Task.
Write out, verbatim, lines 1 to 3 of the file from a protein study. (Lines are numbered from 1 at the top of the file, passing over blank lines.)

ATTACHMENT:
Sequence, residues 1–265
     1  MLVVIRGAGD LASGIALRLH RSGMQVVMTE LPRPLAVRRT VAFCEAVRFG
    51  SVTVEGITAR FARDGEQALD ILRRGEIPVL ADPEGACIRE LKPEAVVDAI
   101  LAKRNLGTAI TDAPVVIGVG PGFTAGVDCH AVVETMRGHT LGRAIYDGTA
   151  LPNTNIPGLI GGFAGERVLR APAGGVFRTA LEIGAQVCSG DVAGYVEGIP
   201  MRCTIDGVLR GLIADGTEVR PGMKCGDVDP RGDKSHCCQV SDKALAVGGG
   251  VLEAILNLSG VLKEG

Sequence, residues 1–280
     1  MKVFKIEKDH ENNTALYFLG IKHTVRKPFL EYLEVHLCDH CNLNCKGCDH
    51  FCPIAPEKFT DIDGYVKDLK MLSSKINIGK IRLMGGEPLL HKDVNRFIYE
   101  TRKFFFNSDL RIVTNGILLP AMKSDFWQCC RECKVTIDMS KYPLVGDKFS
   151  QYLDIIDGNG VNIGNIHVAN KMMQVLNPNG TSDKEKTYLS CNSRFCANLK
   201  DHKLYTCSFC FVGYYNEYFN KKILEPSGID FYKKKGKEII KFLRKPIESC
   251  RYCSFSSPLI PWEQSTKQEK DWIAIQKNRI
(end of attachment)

Sequence, residues 1–265
     1  MLVVIRGAGD LASGIALRLH RSGMQVVMTE LPRPLAVRRT VAFCEAVRFG
    51  SVTVEGITAR FARDGEQALD ILRRGEIPVL ADPEGACIRE LKPEAVVDAI